This notion that Western science is somehow objective and devoid of social influence, is something Shiva is highly critical of, along with the conception that the broader Western knowledge paradigm is superior. That Western knowledge is fashioned as scientific “assigns a kind of sacredness or social immunity to the Western system,” which is above the indigenous traditions that it excludes.
Just as intensive corporate farming practices create unsustainable biological monocultures which erode diversity, the dominant scientific paradigm “breeds a monoculture of the mind” (2012, 12) It makes local alternative knowledge systems disappear by destroying the possible conditions required for alternatives to exist. It does this through its ‘superior’ exclusivity and through a violent separation which destroys diverse local meaning. Shiva states that in local knowledge systems there is no artificially imposed separation between ‘resources’: “the forest and the field are in ecological continuum” and local agriculture is modelled on forest ecology and both supply food (2012, 14). In contrast the supposedly ‘scientific’ system segregates forestry from agriculture. Forestry is reduced to resources like timber and is no longer connected to food. “Knowledge giving systems which have emerged from the food giving capacities of the forest are therefore eclipsed and finally destroyed, both through neglect and aggression” (2012, 14). Shiva uses the examples of ‘scientific management’ based on narrow commercial interests and enforced through legislation in India to illustrate her arguments on the destruction of diverse knowledge systems (2012, 18).
The existing principles of scientific forest management leads to the destruction of the tropical forest ecosystem because it is based on the objective modelling of the diversity of the living forest on the uniformity of the assembly line. Instead of society being modelled on the forest, as it is in the case of forest cultures, the forest is modelled on the factory… which transforms the forest from a renewable to a non-renewable resource. (Shiva 2012, 19)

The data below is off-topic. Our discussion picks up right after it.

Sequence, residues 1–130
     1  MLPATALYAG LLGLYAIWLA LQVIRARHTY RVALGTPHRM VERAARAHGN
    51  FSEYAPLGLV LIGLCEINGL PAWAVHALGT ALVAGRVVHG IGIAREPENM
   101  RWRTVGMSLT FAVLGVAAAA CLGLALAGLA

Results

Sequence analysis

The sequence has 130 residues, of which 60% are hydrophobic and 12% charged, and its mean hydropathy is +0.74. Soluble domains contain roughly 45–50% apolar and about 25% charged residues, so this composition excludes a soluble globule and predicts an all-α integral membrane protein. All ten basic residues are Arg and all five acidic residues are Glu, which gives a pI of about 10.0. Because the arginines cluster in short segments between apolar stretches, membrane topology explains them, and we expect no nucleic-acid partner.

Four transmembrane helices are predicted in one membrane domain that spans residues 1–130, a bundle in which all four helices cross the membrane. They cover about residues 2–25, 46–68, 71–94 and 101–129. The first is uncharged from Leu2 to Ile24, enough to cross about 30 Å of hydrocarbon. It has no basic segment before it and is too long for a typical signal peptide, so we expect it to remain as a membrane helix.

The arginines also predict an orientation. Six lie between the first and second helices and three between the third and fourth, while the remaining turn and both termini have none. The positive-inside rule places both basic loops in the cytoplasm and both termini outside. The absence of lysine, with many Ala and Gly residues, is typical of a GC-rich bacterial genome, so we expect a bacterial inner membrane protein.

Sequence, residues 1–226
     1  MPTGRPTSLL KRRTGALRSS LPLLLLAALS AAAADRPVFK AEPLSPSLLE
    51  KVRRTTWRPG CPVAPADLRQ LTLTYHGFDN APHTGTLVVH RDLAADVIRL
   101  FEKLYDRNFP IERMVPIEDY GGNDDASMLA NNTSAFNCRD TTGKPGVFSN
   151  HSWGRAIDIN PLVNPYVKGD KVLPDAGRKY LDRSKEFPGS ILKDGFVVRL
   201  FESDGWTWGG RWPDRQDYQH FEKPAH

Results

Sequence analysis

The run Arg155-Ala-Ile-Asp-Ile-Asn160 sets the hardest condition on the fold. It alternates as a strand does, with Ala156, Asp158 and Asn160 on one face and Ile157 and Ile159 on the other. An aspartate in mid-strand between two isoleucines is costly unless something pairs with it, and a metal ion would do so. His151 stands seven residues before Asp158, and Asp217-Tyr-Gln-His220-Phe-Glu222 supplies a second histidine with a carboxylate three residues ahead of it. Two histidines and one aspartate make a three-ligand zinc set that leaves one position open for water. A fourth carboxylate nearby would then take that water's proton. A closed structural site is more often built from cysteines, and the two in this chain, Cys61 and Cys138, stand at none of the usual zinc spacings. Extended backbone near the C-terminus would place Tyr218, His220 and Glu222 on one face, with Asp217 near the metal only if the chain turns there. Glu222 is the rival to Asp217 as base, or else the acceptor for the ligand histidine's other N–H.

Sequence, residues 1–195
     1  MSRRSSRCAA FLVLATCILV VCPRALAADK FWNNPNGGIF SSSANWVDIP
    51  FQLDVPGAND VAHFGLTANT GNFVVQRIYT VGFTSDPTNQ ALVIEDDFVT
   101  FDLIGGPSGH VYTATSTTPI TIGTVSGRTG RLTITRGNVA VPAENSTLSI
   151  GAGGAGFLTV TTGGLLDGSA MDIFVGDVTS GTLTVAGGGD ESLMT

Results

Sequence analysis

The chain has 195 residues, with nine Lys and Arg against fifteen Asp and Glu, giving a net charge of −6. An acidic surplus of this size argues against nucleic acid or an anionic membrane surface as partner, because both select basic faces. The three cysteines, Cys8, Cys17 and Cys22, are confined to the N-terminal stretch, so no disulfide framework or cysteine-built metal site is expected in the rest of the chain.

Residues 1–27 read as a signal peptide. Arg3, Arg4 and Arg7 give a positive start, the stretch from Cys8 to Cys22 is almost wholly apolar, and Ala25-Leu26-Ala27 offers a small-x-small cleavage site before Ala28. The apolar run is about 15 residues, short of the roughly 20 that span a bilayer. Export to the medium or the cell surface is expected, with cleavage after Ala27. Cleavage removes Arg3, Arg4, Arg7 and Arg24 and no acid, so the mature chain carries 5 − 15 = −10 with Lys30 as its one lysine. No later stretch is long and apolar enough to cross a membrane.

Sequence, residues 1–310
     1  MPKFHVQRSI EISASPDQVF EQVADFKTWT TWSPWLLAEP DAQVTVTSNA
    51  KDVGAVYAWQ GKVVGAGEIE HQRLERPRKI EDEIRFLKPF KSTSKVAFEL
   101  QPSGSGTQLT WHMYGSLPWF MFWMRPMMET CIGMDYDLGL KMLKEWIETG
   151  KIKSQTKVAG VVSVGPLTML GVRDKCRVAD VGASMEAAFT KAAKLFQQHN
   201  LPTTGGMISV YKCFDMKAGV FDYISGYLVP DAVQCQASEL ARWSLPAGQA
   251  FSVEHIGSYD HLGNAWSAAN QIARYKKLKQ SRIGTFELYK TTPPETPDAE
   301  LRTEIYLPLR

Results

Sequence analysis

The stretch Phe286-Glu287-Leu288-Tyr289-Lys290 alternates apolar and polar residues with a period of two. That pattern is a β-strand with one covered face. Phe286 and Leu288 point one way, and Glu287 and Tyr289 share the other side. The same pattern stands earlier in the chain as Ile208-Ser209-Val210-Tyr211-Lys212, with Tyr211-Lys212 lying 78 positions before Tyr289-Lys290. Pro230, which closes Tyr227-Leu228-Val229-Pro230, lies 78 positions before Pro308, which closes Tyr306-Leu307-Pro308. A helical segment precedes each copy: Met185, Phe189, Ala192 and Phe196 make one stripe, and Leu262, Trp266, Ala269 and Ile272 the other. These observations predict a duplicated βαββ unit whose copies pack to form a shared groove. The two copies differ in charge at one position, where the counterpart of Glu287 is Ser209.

Shiva argues that the dominant knowledge system is inherently colonising and culturally fragmenting in its effects. It alienates knowledge from wisdom. The political implications of such a system system are fundamentally inconsistent with sustainability, equality and social justice. For these reasons it is a particularly dangevous, violent and destructive monoculture of the mind. In the face of this reality, Shiva advocates for the democratisation of knowledge as “a central precondition for human liberation because the contemporary knowledge system excludes the humane by its very structure” (2012, 60). She envisions this democratisation involving the redefining of knowledge so that local and diverse become legitimate and indispensable, and globalisation and universalisation are conceived as abstractions which have violated this reality. This shift, according to Shiva, is:
…important to the project of human freedom because it frees knowledge from the dependency on established regimes of thought, making it simultaneously more autonomous and more authentic. Democratisation based on such an ‘insurrection of subjugated knowledge’ is both a viable and necessary component of the larger processes of democratisation because the earlier paradigm is in crisis and in spite of its power to manipulate, is unable to protect both nature and human survival. (2012, 62)

Shiva, V. 2012. Monocultures of the mind: perspectives on biodiversity and biotechnology. New Delhi: Natraj.

Shiva, V. 2005. Earth democracy: justice, sustainability and peace. Brooklyn: South End Press